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Worsening U.S.–Turkey relations are a boon to Russia

Turkish President Recep Tayyip Erdogan meets Russian President Vladimir Putin.
Turkish President Recep Tayyip Erdogan meets Russian President Vladimir Putin during the 10th BRICS Summit in Johannesburg, South Africa, on July 26, 2018. Photo: Kayhan Ozer/Anadolu Agency via Getty Images

President Trump doubled the tariffs on Turkish steel and aluminum on Friday, causing the Turkish lira to plunge by 16%. The higher tariffs come amid tensions over American pastor Andrew Brunson, who is detained in Turkey, and Turkish cleric Fethullah Gülen, whom the U.S. has refused to extradite from Pennsylvania despite Turkey's allegations of his ties to the failed July 2016 coup.

The big picture: While President Trump himself benefits politically from a trade war with allies, it is actually Russia that stands most to gain from a weakened Turkey. Despite the amicable diplomatic and military coordination between President Erdogan and President Putin in Syria, Russia views Turkey as a geopolitical threat in Eurasia. Russia has attempted to use the Astana peace process to keep its Turkish adversary close, and a widening rift between Washington and Ankara will ultimately redound to Putin's benefit.

Turkey is attempting to reduce economic dependence on Russia by diversifying its sources of natural gas, most notably with the construction of the TurkStream and Trans Anatolian Natural Gas (TANAP) pipelines. These projects would transform Turkey into a hub for the transit of natural gas from Central Asia through Europe, providing Europe an alternative to Russia's Nord Stream 2 pipeline project and allowing Turkey to flex political muscle across Eurasia. But the tariffs may hinder these plans.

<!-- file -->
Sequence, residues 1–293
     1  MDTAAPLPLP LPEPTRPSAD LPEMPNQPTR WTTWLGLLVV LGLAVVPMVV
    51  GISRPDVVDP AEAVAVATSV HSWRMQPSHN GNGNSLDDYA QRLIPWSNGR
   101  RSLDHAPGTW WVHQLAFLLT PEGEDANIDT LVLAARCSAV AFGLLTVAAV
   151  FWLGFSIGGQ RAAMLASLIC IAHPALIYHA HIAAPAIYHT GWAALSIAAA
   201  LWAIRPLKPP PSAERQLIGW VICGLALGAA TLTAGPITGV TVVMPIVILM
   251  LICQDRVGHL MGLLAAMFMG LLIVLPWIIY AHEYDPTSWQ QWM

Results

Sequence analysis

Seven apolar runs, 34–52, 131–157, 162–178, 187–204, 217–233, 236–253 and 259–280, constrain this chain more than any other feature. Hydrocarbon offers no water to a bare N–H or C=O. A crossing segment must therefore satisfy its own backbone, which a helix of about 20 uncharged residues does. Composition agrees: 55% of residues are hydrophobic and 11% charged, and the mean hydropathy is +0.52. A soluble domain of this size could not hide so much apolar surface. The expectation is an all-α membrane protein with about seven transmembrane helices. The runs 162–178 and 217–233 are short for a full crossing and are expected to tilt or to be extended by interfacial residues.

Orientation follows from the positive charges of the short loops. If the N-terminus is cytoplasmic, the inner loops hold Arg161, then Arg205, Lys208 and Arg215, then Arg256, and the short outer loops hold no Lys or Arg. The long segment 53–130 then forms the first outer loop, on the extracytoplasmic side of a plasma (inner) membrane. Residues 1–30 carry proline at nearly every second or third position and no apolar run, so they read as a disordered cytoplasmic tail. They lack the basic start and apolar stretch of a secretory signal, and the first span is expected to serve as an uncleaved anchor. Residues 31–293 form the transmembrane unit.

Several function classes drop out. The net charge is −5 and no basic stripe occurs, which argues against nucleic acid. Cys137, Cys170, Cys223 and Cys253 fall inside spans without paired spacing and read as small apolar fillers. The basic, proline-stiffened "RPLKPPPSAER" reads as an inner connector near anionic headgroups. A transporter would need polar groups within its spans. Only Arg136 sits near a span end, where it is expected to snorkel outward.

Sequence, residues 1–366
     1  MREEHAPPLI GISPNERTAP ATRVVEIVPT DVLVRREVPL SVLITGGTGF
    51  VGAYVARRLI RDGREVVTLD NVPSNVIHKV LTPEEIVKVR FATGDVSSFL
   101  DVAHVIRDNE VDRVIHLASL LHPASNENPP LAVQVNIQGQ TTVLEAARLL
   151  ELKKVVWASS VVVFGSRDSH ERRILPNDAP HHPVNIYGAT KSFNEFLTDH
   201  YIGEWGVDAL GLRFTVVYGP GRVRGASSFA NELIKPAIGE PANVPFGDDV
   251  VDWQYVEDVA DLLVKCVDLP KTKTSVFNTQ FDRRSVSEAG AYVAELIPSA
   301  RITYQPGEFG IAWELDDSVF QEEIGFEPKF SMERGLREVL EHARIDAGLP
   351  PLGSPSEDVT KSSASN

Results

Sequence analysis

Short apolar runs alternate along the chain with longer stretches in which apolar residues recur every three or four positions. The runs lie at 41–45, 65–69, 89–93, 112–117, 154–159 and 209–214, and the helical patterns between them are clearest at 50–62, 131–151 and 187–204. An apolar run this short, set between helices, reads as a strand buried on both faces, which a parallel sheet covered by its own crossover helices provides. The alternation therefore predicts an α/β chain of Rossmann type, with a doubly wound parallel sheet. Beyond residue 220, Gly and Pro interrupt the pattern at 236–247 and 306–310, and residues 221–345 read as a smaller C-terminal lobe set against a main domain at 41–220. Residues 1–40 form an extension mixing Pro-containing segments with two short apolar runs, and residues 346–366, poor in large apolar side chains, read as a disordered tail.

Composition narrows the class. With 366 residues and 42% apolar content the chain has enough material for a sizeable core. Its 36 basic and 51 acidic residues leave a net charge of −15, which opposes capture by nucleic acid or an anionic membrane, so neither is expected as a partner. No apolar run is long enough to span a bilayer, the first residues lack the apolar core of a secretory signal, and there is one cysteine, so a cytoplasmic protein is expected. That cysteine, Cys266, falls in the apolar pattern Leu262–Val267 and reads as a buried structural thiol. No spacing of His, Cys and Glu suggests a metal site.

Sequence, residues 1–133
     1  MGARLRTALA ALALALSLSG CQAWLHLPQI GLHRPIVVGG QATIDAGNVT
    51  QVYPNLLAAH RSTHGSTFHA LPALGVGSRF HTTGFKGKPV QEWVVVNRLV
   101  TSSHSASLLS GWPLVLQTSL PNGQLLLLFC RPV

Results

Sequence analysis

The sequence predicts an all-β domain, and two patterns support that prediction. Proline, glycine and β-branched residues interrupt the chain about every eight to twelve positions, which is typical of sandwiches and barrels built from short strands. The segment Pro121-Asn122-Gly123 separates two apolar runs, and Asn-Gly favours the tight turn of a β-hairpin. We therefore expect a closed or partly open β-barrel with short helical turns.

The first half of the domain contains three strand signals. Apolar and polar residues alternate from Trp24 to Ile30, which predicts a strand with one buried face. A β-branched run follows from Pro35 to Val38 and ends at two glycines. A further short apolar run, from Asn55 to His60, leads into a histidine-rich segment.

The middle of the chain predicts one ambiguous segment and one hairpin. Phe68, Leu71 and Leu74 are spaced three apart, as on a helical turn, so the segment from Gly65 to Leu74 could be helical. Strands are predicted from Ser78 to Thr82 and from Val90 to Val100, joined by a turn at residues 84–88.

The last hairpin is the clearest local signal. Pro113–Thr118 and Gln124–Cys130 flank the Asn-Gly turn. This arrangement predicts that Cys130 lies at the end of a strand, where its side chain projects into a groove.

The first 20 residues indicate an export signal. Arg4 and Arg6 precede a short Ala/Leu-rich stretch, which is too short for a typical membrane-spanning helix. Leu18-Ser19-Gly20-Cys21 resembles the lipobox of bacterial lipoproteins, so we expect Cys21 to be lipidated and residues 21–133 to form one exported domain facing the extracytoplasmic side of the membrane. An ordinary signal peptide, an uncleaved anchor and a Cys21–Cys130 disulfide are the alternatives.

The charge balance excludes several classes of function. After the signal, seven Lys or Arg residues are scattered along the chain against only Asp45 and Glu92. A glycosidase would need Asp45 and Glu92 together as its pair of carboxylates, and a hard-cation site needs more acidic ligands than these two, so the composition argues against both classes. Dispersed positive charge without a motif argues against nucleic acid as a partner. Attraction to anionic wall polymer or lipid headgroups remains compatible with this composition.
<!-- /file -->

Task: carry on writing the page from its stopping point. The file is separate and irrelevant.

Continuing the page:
Against this backdrop, Assad has been consolidating control over Syria, with Turkey defending its stake in Idlib, the last armed opposition stronghold in Syria. Turkey's opposition runs counter to Russia's aim to help Syrian President Assad retake all of Syria, and Russia will now look to squeeze Turkey even further, this time by its proxy in Damascus. Already hosting 3.5 million Syrian refugees, Turkey could soon face another humanitarian crisis if Idlib, with a population of around 1 million people, suffers the same fate of other Syrian cities that refused to surrender to Assad.

What's next: It is unlikely that Turkey will capitulate to Russia in Syria. Should the country find itself strained to handle a currency collapse and a crisis on its southern border as a result of these latest tariffs, relations between Turkey and the West could be bruised for a long time. Putin will continue to use his proxies in Washington and Damascus to defang geopolitical competition.

Adham Sahloul is a masters candidate in international political economy at the Fletcher School of Law and Diplomacy and a former researcher at the Atlantic Council's Rafik Hariri Center.

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